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Is your dealership planning to implement a digital retailing solution this year?
If so, you’re not alone. According to a 2017 study by Root & Associates and CDK Global, more than half of dealership management has expressed interest in a digital retailing solution for their website.
Now that more tools are becoming available, it won’t be long before a small percentage of car buyers complete at least part of the purchase process online.
One of the first questions that dealers should ask when implementing a new solution is, “How can we best serve our customers during their online car-buying journey?”
It’s a simple question, but the answer is not.
The first thing to consider is that until now, your websites and marketing strategies have been designed to encourage customers to call or submit a lead, make an appointment and come to your dealership.
The goal is different with digital retailing. You want customers to visit your website to start the purchase process. At some point the vast majority (more than 80 percent) will come to your dealership for a test drive and/or to complete paperwork.
How will you transition the online process to an offline process?
This is where your staff comes in, and why I see dealerships remaining central to the digital retailing process. Online car shoppers need you. They need you for your inventory selection, they need you to accept their trade-ins and many will need your help to arrange finance.
What they don’t need is a salesperson trying to close them. They’ve already made the decision to buy. Online customers need guidance and information; not closing or phone tactics designed to “just get them in.”
It’s important to realize that digital retailing is not just another lead generation tool. It is a tool designed to allow the customer to complete one, some or all parts of the purchase process at their convenience, not yours.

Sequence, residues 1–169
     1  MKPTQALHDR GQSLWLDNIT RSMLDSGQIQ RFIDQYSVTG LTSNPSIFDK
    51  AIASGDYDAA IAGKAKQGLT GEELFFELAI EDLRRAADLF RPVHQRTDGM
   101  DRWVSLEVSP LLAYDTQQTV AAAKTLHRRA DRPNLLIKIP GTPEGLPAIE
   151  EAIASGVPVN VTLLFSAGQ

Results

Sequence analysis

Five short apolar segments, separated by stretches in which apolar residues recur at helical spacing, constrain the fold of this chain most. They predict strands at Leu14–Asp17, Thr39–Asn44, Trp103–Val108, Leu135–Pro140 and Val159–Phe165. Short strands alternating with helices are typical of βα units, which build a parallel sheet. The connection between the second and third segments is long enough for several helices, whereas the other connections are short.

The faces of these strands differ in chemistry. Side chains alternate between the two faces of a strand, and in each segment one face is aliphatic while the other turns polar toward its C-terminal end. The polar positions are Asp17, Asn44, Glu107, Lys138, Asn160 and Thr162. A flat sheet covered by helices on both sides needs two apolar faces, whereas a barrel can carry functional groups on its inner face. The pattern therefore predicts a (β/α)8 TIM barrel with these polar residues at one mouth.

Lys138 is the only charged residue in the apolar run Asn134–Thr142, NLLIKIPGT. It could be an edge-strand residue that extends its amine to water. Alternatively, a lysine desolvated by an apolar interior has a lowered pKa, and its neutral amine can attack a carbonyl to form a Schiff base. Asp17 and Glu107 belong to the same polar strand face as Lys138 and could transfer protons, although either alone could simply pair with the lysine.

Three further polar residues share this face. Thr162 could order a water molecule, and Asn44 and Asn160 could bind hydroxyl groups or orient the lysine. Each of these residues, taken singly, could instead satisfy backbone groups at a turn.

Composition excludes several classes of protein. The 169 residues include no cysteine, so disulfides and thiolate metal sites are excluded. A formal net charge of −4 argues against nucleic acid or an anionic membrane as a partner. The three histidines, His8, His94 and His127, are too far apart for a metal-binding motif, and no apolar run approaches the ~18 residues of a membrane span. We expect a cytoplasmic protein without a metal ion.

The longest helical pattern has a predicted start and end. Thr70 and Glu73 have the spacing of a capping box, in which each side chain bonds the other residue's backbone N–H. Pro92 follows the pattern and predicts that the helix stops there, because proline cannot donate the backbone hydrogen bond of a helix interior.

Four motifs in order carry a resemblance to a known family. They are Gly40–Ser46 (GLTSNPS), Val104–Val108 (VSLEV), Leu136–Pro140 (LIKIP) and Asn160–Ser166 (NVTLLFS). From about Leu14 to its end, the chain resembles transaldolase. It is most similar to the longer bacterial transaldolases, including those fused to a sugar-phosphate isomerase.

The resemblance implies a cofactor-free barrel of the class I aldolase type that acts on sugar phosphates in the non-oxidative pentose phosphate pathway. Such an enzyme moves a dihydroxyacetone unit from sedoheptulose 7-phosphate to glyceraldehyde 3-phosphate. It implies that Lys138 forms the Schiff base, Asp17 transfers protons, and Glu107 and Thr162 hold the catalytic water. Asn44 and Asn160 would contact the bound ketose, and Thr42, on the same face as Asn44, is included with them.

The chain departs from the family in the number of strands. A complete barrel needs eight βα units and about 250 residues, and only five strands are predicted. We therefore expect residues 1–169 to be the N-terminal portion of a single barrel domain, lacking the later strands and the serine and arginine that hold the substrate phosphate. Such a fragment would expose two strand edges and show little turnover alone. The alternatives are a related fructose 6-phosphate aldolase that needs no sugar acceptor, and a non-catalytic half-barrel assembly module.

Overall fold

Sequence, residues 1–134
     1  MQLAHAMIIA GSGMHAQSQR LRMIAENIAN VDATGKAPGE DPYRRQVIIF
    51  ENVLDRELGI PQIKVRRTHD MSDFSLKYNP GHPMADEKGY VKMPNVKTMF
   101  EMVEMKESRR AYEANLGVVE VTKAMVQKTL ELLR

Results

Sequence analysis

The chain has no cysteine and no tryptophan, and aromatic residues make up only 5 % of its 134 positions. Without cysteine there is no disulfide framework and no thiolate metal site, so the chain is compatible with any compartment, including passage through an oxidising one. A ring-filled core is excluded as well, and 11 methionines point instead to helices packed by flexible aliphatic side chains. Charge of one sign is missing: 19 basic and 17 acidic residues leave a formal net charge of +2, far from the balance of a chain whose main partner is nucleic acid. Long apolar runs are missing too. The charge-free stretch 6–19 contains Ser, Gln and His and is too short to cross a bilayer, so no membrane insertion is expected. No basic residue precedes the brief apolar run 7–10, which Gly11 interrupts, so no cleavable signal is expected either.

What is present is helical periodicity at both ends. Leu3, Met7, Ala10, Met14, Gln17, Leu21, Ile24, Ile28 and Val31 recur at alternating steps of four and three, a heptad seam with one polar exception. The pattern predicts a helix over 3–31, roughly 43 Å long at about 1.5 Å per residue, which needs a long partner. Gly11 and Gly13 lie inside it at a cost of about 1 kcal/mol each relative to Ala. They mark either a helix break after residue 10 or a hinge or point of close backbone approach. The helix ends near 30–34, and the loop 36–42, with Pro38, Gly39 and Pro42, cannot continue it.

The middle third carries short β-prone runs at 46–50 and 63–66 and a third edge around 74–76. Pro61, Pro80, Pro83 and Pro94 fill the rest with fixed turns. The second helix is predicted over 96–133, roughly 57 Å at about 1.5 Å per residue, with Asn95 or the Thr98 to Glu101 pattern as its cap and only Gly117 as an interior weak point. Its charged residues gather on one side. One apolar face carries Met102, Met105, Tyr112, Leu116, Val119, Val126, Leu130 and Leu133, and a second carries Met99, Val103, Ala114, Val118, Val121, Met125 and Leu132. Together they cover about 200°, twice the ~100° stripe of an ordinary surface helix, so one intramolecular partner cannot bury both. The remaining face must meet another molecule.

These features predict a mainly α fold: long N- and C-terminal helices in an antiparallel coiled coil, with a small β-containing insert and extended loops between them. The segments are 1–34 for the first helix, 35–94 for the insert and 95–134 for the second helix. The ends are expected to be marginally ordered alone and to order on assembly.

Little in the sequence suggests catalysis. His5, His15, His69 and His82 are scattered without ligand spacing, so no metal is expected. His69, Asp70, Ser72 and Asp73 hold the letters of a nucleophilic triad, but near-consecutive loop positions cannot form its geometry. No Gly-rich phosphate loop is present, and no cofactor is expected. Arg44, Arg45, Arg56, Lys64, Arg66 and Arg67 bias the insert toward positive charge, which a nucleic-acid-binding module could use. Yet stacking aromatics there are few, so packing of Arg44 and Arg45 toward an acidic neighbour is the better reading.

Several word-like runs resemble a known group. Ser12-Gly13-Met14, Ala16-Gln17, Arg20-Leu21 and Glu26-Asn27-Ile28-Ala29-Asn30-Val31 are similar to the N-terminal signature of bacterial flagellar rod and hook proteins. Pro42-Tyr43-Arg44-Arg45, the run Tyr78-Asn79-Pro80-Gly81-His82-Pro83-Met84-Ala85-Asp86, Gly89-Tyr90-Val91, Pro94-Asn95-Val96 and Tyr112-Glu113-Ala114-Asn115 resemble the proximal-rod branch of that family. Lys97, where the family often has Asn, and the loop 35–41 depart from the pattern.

Concierge or Combos?
According to Cox Automotive’s Future of Digital Retail Study, online car buyers prefer staff who are “product specialists,” defined as highly knowledgeable about vehicle specs, features, technology, models and trim levels.
Customers also need someone who is knowledgeable about your digital retailing solution software and sales process, so they can get help navigating through the various steps.
Buying a car is still a pretty complex process, and most people will have questions or needs that can’t be addressed online.
To create the best online customer experience will probably require some experimentation. Options for new roles and responsibilities in your dealership include:
There seems to be a consensus among industry experts that a hybrid approach including several of these roles might emerge. Perhaps you have a combination Sales/F&I manager that oversees the process, with some portions facilitated by a concierge or product specialist.
Alternately, BDC agents guide customers through their journey to a certain point, then hand the deals over to the combination Sales/F&I Manager.
Also, keep in mind that a small percentage of customers will want the new vehicle delivered to their home or work. Who has this responsibility? Ideally, a product specialist who can explain features and take the customer for a post-purchase test drive.
Very likely several new staffing models will emerge as viable, and which one you choose will depend upon how closely it adheres to your desired sales process.
To be clear, I’m not saying the role of the traditional car salesperson is going away. Not yet, anyway. But how your salespeople approach and communicate with online customers is very different than how they interact with a showroom up.
As turnover in your sales force naturally occurs, you might be able to replace some of them with product specialists and concierges.
Look at the young adults who work at Best Buy or Apple.
They know their products and they’re trained to give an excellent customer experience. If you can find people with a similar mindset to help with the digital retailing process, your customers’ enthusiasm and satisfaction levels will skyrocket.
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